Why is the common sense among front line providers treated as anything but by health care management professionals? Doctors are treated as experts when it comes to treating a patient, but they are treated like amateurs when it comes to thinking through health care delivery reform- even in their own hospitals or facilities. A recent study in the Harvard Business Review by Kaplan and Haas “How Not to Cut Health Costs” demonstrates this phenomena.
The report highlights five mistakes that hospitals make when they try to cut costs. The first mistake is cutting back on support staff. The article goes on to make very basic points about why cutting support staff is shortsighted in so far as it often fails to cut costs in the long run. For example, “It makes no sense to have physician and senior nurses perform tasks that could be done just as well by far less expensive personnel.” In short, decisions based on balance sheets from up high which are “uninformed by an awareness of the underlying clinical and staff resources needed to deliver high-quality outcomes” can lead to bad medicine and frustrated doctors.
The article also critiques the crass notions of productivity that are the bread and butter of the health care management consultancy world. “It would be absurd to try to increase the productivity of musicians,” Kaplan and Haas write, “by having them play faster.” Yet, doctors are continually being given new productivity standards to meet with little or no input.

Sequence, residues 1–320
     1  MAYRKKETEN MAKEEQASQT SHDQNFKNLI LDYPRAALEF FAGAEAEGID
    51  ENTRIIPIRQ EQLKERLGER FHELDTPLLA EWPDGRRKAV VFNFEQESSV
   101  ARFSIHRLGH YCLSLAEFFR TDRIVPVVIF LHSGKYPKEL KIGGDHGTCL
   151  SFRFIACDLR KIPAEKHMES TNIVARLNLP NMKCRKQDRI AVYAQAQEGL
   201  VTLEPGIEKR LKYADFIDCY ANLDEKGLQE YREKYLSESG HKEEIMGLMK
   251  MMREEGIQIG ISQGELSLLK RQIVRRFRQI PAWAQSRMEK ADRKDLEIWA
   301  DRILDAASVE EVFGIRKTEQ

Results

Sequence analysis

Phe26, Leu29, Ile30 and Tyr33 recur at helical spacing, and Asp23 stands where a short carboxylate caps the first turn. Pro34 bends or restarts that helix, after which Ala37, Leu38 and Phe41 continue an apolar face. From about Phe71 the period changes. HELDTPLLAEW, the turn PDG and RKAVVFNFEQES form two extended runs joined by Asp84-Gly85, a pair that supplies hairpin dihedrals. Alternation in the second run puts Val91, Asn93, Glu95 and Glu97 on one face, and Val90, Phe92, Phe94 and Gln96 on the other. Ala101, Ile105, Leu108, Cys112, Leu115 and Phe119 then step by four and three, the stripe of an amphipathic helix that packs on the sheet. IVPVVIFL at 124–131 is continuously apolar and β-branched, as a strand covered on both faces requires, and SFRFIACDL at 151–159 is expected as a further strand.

As convincingly stated by Kaplan and Haas: “To make matters worse, clinical personnel—the people who actually treat patients—are seldom involved in decisions about how to achieve savings, which means that providers lose out on significant opportunities for benchmarking and standardizing medical practices in ways that could both lower costs and improve care.”
This has always been obvious to the doctors and care givers in the field. How, then, is it that the common sense of the front line is so easily rejected by management until it is repackaged and presented in management language by anyone but a front line doctor?
Perhaps one way to think about this is the different boxes put around expertise. Doctors are implicitly treated as experts when it comes to diagnosis and treatment but in questions of management and reform they are easy to ignore. When it comes to diagnoses and treatment doctors are trained to live in a world of logic, evidence, and science. But in the political word, while there is plenty of work to do on understanding how we should be changing the health care delivery system, doctors are excluded not because of their lack of evidence or because of their imperfect knowledge; doctors are excluded simply because they don’t have the power as a profession to be part of those discussions and decisions.
It is about power.
It is a strange time for doctors. In the privacy of their examination room evidence prevails, but in many of the decisions that control and impact the examination room power prevails. What is to be done?
Margalit Gur-Arie’s recent blog post “Why Physicians Must Unionize” is all about the failure of doctors to be effective in the political sphere (and at addressing issues where we work) and forwards unionization as the solution to that problem:
“Imagine a professional union fighting for the freedom of its individual members to exercise professional judgment for the sole benefit of individual citizens. Imagine a medical union fighting to provide the best care to ordinary citizens, free from the whims of the political and business classes.”
Obviously we agree, but getting doctors to that point is the real challenge.
As Gur-Arie notes “…by far the toughest barrier to creating such union consists of the physicians themselves…. As a group, physicians are largely conservative and not given to activism. And this is precisely why an American physicians union can become the most formidable social innovation of our times.”